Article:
For now, I have a front-row seat at a performance of starlings as they sweep across the sky in one of their aerial ballets known as murmurations, each bird turning, diving and rising at exactly the same time as if it were rehearsed by Martha Graham or George Balanchine!  How do they know how to do that? God only knows!

And so it is. 

Monday, June 4, 2018

A Boy, An Owl, And A World Of Magic

Image may contain: bird

On Saturday I took my 8 year old grandson, Stanley, to the Robeson Museum and Science Center in Binghamton, NY, just a short ride from our home in Endicott. They were featuring an exhibit called "Nature Trek." It showed animals in their natural habitats and why those habitats, and the animals themselves, were in danger of extinction. 

Stanley is all about animals. He loves them all, from the tiniest insect to the biggest mammal. He especially loves birds, and he was not disappointed when he saw the exhibit. If anything, he was so excited that he didn't know where to look first. The museum had outdone itself with its life-like replicas of natural environments, from forests and wetlands, to prairie fields and frozen tundra. They even had a beaver dam. Each exhibit explained what that particular habitat provided for the animals that made it their home and why it was being depleted, either due to cutting down trees to build developments, or climate change, or pollution. They also provided computers to bring up videos on the walls of endangered birds and their sounds. Stanley was in heaven. When I asked him to tell me which animal he liked the most, he answered with no hesitation: "Hedwig."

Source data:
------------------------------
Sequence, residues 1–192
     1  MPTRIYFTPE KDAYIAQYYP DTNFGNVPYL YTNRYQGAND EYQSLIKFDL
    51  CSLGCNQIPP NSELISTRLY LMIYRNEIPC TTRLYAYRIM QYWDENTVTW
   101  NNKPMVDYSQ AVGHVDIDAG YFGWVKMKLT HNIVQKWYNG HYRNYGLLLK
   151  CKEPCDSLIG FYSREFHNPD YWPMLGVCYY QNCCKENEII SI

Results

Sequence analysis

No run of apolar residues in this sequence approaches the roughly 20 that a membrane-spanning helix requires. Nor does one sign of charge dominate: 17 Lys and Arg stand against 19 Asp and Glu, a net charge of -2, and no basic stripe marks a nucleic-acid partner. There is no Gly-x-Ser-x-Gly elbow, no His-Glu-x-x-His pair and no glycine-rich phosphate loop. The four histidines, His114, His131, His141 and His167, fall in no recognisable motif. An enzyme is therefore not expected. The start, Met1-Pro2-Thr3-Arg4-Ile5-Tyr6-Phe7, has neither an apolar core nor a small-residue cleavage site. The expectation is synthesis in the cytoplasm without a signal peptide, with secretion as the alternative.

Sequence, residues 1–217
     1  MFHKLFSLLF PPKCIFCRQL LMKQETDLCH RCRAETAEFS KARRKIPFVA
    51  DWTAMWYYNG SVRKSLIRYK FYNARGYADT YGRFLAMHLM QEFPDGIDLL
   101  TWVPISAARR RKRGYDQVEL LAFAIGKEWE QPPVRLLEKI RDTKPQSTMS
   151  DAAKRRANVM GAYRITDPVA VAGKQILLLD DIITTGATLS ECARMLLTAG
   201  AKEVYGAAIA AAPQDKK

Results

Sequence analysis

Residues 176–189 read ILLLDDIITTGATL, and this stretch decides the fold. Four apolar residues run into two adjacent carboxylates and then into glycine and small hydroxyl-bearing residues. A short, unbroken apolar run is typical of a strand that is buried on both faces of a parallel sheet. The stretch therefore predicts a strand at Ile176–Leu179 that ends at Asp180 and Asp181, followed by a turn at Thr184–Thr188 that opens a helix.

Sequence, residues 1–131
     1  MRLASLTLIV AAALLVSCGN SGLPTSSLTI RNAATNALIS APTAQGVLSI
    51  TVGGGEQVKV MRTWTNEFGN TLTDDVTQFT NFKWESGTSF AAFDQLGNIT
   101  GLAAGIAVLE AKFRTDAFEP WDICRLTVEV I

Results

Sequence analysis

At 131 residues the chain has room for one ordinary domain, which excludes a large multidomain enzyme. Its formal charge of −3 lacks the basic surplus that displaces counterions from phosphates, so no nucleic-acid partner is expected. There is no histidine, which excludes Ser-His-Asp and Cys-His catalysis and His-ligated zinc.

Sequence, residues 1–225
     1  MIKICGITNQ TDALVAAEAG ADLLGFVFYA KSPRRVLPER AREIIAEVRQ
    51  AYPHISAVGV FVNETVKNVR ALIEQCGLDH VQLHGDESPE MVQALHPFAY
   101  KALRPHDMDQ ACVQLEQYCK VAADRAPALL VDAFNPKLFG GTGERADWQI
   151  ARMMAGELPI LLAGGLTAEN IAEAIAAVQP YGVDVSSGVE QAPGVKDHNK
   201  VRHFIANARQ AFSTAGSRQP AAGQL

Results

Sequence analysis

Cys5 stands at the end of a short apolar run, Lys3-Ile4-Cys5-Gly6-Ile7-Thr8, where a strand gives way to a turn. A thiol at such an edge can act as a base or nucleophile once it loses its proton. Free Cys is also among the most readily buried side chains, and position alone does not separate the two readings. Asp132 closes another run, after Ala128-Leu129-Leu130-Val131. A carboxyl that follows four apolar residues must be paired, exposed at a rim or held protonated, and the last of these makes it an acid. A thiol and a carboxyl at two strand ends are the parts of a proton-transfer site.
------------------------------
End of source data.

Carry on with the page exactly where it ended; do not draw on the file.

Image result for harry potter and hedwig

Hedwig is the pet owl owned by the infamous boy wizard, Harry Potter, hero of 7 books and 8 movies of the same name. The wizarding world that Harry lives in is magical to say the least, and magic has its basis in the natural world of animals, plants, and all of the elements (air, wind, earth, fire, water). Is it any wonder, that Stanley, a Harry Potter fan, would also be drawn to the beauty and magic of the natural world.

I often think people forget that the natural world is magical. Watch a Louie Schwartzberg slow motion nature photographic video if you don't believe me. It will take your breath away. Instead of kids spending their time glued to a screen, turn them loose with a pair of binoculars in a park or on a hiking trail and let them experience the magic first hand. Watching baby birds taking their first, tentative steps outside the nest, seeing how the clouds move across the sky, or watching a murmuration of a flock of starlings like a beautiful aerial ballet ... that's magic! 

I have promised Stanley another trip back to the Robeson after school is out. They also have a planetarium and we have a date to watch the stars together and explore the Universe. Awesome!

And so it is.